Transbronchial biopsy and guided aspiration or brush specimens obtained via direct bronchoscopy may be advantageous in some circumstances. Direct rigid bronchoscopy may be used in larger infants; fiberoptic technique is occasionally possible in smaller infants or infants in whom the site is not easily reached using the rigid technique. Both this technique and protected brush tracheal aspirate sampling may not be well tolerated in infants with significant lung disease and poor gas exchange who are very dependent on continuous positive pressure ventilation.
Quantitative culture of bronchoscopic alveolar lavage fluid has been assessed in non-neonatal populations and reported to offer a specificity of greater than 80%, depending on the threshold selected (values from >100 to 100,000 cfu/mL have been used).[32, 33] Data from studies of neonates with suspected congenital pneumonia are lacking.
Protected Brush Tracheal Aspirate Sampling
Nonbronchoscopic protected specimen brush can be used to obtain culture material through endotracheal tubes 3 mm or greater in internal diameter. Specimens may have an increased risk of contamination with oral or airway commensals compared with bronchoscopic sampling but are thought to be more accurate than a conventional endotracheal aspirate.
Data from neonates are sparse at present. Unlike bronchoscopically obtained specimens, ensuring sampling from a particular involved site is more difficult. Sites distant from the larger bronchi often cannot be sampled.
If a prominent infiltrate can be adequately localized in multiple planes, direct aspiration of the infected lung may be performed for culture or biopsy. Lung CT may facilitate such localization.
Lung aspiration usually requires a larger-bore needle than is used to obtain pleural fluid and is associated with a greater risk of postprocedural air leak than thoracentesis.
Lung aspiration is used much less frequently than in previous decades. This is a high-risk procedure, with potential complications that include pneumothorax, bronchopleural fistula, hemothorax, and sampling a nondiagnostic site.
Lung aspiration should not be considered a routine aspect of the diagnosis or treatment of pneumonia in the neonate. Rather, this technique is usually reserved for circumstances in which empiric therapy is failing, less invasive cultures and detection tests are unrewarding, and/or the infant continues to deteriorate. With advances in surgical techniques and increased experience, many clinicians prefer to seek open surgical biopsy or thoracoscopic sampling in such circumstances, especially because success and specimen size are greater and the ability to deal directly with any complication is enhanced.
Tissue samples of lung tissue in human infants have typically been obtained from an unrepresentative population. The sample population usually includes only infants with severe pulmonary disease that results in death or threatens to do so or infants who die of other causes and have coincidental sampling of the lung.
Consequently, direct observations regarding histologic changes in mild or moderate pneumonia are sparse and are often supplemented by extrapolation from animal disease models, human adults with similar diseases, or more severe cases in human infants that resulted in death or biopsy. Despite these limitations, certain observations in congenital pneumonia recur, whether or not a specific pathogen is implicated.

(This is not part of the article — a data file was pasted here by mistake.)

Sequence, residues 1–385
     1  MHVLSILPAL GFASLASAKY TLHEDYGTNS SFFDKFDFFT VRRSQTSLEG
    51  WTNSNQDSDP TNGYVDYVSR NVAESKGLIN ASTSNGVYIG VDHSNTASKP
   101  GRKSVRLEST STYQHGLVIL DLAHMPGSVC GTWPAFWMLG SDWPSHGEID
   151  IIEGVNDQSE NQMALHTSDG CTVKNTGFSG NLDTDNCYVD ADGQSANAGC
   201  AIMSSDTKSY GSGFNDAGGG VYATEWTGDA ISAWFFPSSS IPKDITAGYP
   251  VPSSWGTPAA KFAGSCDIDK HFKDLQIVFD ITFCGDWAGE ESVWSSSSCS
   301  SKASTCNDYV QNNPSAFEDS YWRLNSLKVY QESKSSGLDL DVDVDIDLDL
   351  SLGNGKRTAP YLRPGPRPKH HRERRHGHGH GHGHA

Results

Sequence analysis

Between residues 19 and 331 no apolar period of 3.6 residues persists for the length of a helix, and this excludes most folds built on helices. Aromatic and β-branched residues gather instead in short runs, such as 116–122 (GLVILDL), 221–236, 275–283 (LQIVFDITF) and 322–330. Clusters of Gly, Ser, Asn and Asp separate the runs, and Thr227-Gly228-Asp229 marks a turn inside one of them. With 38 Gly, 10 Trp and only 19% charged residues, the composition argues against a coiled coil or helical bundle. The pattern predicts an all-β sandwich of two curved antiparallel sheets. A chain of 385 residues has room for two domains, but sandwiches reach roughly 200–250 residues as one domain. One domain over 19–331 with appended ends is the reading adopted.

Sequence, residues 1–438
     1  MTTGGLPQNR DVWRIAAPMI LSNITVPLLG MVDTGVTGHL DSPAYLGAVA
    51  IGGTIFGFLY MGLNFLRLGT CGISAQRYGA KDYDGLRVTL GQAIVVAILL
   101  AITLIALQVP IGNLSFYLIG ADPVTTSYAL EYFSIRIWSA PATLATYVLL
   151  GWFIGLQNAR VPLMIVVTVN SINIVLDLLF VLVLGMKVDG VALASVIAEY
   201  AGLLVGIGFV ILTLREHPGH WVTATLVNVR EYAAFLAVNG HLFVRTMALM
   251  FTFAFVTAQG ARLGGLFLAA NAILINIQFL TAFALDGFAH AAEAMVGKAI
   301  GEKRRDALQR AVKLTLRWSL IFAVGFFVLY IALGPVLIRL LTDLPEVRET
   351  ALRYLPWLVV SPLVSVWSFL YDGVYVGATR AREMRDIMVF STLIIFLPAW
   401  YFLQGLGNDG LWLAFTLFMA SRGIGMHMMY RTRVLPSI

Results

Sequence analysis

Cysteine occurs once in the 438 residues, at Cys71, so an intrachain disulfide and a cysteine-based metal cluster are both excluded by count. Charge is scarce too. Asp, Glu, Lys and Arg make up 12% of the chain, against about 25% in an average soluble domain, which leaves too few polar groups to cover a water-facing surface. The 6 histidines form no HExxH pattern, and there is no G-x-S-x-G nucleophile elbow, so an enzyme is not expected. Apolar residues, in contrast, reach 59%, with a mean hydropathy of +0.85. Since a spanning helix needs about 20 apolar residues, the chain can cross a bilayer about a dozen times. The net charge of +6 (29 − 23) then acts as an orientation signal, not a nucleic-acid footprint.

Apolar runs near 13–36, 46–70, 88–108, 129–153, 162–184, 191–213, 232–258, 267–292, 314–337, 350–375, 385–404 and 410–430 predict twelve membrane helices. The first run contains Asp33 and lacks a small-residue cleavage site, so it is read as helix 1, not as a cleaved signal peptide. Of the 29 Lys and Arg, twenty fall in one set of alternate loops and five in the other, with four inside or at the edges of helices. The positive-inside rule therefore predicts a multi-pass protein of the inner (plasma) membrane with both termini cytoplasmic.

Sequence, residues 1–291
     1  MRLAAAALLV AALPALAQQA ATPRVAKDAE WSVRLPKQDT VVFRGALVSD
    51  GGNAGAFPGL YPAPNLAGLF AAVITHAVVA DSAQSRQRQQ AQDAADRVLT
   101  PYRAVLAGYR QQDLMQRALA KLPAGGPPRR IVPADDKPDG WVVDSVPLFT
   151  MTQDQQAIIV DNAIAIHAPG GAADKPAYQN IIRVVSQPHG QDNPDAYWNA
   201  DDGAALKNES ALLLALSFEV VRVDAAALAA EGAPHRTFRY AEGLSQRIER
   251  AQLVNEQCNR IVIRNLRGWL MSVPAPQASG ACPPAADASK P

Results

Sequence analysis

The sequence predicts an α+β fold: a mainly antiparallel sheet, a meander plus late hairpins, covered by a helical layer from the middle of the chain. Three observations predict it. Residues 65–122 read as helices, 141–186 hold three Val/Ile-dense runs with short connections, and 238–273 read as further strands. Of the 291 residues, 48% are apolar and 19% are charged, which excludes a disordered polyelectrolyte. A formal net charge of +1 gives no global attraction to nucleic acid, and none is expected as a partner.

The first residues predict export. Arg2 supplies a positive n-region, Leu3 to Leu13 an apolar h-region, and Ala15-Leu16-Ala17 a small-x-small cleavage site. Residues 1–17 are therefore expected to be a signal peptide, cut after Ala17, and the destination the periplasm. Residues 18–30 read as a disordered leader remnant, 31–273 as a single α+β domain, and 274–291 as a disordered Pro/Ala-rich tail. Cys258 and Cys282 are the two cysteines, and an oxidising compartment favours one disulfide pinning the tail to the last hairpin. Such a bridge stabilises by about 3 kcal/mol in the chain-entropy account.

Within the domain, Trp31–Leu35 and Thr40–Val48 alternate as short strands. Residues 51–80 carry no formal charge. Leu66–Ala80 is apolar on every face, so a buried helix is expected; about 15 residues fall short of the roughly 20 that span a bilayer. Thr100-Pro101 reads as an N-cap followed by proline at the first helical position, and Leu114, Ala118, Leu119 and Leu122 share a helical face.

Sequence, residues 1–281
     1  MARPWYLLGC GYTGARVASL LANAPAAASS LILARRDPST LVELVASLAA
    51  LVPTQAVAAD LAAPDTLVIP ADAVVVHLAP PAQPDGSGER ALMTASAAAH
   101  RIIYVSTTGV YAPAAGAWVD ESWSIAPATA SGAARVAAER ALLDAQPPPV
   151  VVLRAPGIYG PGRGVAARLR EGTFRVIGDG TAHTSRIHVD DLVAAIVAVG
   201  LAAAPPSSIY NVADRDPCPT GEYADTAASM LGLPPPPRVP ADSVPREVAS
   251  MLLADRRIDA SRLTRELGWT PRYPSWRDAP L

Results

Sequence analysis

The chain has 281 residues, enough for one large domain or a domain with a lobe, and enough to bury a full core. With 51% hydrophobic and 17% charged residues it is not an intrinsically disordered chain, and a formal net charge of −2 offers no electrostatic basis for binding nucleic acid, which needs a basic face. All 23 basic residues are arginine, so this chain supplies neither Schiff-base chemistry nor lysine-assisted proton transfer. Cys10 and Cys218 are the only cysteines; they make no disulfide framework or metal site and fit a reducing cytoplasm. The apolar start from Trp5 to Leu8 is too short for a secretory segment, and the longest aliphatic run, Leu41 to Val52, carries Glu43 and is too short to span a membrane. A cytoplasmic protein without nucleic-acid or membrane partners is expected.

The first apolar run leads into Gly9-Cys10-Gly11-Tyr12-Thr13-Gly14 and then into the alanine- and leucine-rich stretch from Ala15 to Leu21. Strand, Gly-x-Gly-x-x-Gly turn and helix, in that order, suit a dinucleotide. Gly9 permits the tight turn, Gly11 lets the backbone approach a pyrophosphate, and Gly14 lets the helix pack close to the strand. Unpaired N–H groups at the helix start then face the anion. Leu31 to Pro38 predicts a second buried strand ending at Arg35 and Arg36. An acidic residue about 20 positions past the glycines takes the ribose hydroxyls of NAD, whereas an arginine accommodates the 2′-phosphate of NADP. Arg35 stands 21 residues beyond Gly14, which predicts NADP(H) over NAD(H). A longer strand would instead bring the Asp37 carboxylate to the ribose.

Macroscopically, the lung may have diffuse, multifocal, or very localized involvement with visibly increased density and decreased aeration. Frankly hemorrhagic areas and petechiae on pleural and intraparenchymal surfaces are common. Airway and intraparenchymal secretions may range from thin and watery to serosanguineous to frankly purulent and frequently are accompanied by small-to-moderate pleural effusions that display variable concentrations of inflammatory cells, protein, and glucose.
Frank empyema and abscesses are unusual in newborn infants. Particulate meconium or vernix may be visible, especially in the more proximal airways, following aspiration episodes. Superimposed changes, such as air leak, emphysema, and sloughed airway mucosa, may be seen as a consequence of volutrauma, pressure-related injury, oxygen toxicity, and other processes that reflect the vigorous respiratory support often provided to these infants in an attempt to manage derangements of gas exchange caused by the underlying illness.
With conventional microscopy, inflammatory cells are particularly prominent in alveoli and airways. Mononuclear cells (macrophages, natural killer cells, small lymphocytes) are usually noted early, and granulocytes (eosinophils, neutrophils) typically become more prominent later. Microorganisms of variable viability or particulate debris may be observed within these cells. If systemic neutropenia is present, the number of inflammatory cells may be reduced. Alveoli may be atelectatic from surfactant destruction or dysfunction, partially expanded with proteinaceous debris (often resembling hyaline membranes), or hyperexpanded secondary to partial airway obstruction from inflammatory debris or meconium.
Microscopic examination of tissue following immunohistochemical staining or other molecular biologic techniques can identify the herpes virus and an increasing number of other organisms.
Hemorrhage in the alveoli and in distal airways is frequent. Vascular congestion is common; vasculitis and perivascular hemorrhage are seen less frequently. Inflammatory changes in interstitial tissues are less common in newborns than in older individuals.
Examination of the placenta may be useful. An unusually large placenta with a thick umbilical cord or necrotizing funisitis is suggestive of congenital syphilis, with an increased risk of congenital pneumonia alba. Although results of early maternal serologic screening may have been negative, false-negative results from the prozone phenomenon or infection later in pregnancy may occur. Careful microscopic examination for trophozoites may establish a diagnosis of congenital toxoplasmosis long before other confirmatory tests become available. Other evidence of inflammation or infection derived from gross inspection, microscopy, or specific microbiologic testing may also be useful.